Strip-till corn not only performs well compared to other tillage systems in both cool and dry years, but also maintains excellent residue on the surface of the soil, according to University of Minnesota Extension research.
Using strip-till and other tillage equipment owned by farmers, the University of Minnesota Extension compared four tillage systems for corn following soybeans on farm fields in 2004 and 2005. Corn grain yields were affected significantly by tillage treatments at six of the 10 sites in the cool growing season of 2004, according to Jodi DeJong-Hughes, University of Minnesota Extension strip-till expert and Jeffrey Vetsch, University of Minnesota Extension soil scientist.
Averaged across sites with the four similar tillage treatments, corn grain yields for each tillage system were:
strip-till, 174.6 bushels per acre
no -till with disk openers, 167.8 bushels per acre
no-till with hoe openers, 174.2 bushels per acre
chisel plow with hoe openers, 177.4 bushels per acre.
The strip-tilled fields had an average of 55% residue cover and the one-pass system had 30% residue cover.
In the warmer-than-normal 2005 growing season, corn yields were affected significantly by tillage treatments at only one of nine sites.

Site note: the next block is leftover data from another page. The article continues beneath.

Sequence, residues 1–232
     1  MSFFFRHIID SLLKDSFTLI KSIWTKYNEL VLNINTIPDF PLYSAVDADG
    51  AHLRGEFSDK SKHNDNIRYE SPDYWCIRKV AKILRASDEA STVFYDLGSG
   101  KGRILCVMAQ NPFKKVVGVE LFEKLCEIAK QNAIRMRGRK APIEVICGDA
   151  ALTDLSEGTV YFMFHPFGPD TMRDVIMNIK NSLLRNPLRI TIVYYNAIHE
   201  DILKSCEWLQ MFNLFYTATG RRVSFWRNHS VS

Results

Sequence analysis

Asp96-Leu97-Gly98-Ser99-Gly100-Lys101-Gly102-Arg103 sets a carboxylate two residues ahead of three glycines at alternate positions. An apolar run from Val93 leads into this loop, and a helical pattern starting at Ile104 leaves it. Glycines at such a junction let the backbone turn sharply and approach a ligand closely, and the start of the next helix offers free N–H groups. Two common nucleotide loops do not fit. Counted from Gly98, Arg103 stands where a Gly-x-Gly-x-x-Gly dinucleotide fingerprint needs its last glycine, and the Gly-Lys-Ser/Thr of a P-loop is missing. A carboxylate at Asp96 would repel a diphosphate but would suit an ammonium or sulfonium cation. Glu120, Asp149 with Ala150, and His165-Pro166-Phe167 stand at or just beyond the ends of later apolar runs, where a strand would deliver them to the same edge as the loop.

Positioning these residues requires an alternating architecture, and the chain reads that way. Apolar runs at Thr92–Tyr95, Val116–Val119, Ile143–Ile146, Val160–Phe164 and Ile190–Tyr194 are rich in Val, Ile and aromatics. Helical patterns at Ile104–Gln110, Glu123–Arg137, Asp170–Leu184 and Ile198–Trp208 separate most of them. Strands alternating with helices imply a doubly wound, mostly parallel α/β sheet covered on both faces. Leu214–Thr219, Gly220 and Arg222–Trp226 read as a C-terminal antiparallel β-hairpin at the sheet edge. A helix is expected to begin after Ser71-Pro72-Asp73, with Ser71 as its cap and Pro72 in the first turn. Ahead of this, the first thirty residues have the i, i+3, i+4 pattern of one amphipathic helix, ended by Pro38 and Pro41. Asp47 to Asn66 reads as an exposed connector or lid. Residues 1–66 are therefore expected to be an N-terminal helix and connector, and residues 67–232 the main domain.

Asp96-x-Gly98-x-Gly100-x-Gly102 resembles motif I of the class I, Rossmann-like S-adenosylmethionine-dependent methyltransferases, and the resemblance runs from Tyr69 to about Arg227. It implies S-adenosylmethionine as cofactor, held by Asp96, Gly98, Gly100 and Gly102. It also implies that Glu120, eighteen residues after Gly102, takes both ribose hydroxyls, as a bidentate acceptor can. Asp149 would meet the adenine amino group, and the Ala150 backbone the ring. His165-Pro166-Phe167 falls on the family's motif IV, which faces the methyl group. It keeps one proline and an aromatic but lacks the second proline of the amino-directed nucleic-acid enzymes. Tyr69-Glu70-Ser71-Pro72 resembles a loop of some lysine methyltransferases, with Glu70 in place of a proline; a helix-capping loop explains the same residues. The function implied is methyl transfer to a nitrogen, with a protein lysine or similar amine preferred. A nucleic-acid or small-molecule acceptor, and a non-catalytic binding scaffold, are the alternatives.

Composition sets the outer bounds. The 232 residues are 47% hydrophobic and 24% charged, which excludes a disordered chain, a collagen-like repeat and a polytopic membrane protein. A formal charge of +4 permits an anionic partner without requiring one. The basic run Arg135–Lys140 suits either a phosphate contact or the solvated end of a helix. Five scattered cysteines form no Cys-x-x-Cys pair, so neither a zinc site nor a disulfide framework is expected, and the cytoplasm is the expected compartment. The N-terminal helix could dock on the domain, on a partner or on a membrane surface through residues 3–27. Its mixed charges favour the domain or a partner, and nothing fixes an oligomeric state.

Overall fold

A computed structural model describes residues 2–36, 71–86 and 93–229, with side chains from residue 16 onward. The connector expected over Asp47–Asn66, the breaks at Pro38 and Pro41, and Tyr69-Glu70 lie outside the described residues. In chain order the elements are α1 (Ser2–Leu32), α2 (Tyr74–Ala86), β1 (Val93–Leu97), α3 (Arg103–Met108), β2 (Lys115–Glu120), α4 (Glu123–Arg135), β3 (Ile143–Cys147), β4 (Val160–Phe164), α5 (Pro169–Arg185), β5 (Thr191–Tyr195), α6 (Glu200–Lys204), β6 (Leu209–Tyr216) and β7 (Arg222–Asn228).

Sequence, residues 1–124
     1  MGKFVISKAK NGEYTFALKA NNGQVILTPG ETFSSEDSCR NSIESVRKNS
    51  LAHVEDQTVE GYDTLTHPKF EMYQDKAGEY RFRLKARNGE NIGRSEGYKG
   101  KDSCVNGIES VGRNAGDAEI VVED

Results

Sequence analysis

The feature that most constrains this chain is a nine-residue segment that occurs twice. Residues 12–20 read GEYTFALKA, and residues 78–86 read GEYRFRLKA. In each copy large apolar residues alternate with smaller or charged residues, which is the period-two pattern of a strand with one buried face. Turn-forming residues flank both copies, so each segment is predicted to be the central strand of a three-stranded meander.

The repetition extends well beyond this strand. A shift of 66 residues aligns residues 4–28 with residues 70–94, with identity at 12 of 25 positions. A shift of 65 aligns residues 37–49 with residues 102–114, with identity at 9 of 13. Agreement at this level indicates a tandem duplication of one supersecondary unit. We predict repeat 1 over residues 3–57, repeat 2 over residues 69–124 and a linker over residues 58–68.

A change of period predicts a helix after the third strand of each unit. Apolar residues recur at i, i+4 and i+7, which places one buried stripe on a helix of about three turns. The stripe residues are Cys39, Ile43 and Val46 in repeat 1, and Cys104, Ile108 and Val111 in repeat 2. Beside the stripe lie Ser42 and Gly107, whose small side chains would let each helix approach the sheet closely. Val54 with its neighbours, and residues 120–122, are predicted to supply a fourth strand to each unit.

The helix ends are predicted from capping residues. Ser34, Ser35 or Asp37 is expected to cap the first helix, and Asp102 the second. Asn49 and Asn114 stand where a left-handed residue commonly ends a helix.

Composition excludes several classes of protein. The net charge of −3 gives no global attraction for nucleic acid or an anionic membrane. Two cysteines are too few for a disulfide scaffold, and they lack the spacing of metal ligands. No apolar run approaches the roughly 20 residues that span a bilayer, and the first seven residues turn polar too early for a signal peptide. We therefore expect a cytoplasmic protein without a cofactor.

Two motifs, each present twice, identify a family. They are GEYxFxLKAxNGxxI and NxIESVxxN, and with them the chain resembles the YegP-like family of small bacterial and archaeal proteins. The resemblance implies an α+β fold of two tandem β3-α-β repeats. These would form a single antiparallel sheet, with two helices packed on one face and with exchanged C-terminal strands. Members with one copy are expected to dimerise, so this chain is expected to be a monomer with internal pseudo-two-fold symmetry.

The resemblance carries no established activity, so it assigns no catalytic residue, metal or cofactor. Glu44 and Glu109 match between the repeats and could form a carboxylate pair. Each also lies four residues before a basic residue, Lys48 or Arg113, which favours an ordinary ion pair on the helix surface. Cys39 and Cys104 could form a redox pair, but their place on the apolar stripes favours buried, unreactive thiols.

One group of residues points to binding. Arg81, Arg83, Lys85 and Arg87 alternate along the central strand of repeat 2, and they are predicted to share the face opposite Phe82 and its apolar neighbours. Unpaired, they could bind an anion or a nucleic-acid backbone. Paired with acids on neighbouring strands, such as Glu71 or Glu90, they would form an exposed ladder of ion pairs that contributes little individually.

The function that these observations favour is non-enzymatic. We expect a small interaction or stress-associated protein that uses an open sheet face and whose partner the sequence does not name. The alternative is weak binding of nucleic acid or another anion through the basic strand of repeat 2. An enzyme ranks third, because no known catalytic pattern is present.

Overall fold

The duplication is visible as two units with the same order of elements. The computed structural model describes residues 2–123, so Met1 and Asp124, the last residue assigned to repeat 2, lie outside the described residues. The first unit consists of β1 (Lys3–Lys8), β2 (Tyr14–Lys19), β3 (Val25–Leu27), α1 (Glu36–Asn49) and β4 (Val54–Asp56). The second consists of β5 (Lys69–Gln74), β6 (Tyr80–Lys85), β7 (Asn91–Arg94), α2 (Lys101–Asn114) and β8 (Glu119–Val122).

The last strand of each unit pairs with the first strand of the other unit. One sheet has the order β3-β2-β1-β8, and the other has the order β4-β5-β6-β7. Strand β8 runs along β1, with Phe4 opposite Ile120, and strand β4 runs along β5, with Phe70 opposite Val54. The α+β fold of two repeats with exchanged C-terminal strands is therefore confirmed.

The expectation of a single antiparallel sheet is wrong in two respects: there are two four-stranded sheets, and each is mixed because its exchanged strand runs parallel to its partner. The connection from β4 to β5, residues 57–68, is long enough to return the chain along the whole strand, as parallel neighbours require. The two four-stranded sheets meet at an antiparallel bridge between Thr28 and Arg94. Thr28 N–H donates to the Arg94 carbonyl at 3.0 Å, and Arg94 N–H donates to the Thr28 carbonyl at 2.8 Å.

Strip-till, 202.2 bushels per acre;
no till with disk openers, 195.8 bushels per acre
no -till with hoe openers, 196.5 bushels per acre
chisel plow with hoe openers, 200.5 bushels per acre.
The trials in 2005 demonstrated that strip-till and no-till produced excellent corn yields, while maintaining adequate residue cover to protect the soil from erosion.
Continuous-corn systems produce higher residue levels requiring more precise management. The University of Minnesota began research in southern Minnesota in 2006 to study the effects of high-residue systems during several years. This research used moldboard plowing, disc ripping and strip-till on a continuous-corn field to study the effects of residue placement on seedling emergence, soil temperature and grain yield. The soil at the site is a heavy clay loam, with poor internal drainage and no tile drainage.
Strip-tilling left almost 50% residue, while moldboard plowing left 10% residue cover and disc ripping left 34%. In 2006, the yields were similar for all three tillage systems (Table 4).
In the fall of 2007, six more field trials were established using the same procedures described above. Researchers will continue to evaluate the residue buildup and its effects on yield.
Research that NDSU conducted in 2007 indicated similar corn yields with strip-till compared with conventional till and an advantage with strip-till yield compared with no-till. At NDSU’s research site near Carrington, corn was grown in 30-inch rows on a loam soil with adequate soil moisture during the reproductive stages. Plant emergence and silking were delayed 1 to 3 days with no-till, compared with strip-till. Corn was grown in 22-inch rows at the Red River Valley sites. At Fargo, the trial was conducted on a silty-clay loam soil. Nearly continuous rain from planting until mid-June reduced soil nitrogen and corn yields.
Table 4. Corn yields from various tillage systems in southern Minnesota.
Table 5. Corn yield with various tillage systems, 2007.
———————————— Corn Yields - bu/acre ————————————
1 Previous crop: Carrington = spring wheat; Fargo = sugar beets; Prosper and Moorhead = soybeans. 2 Not a significant yield difference.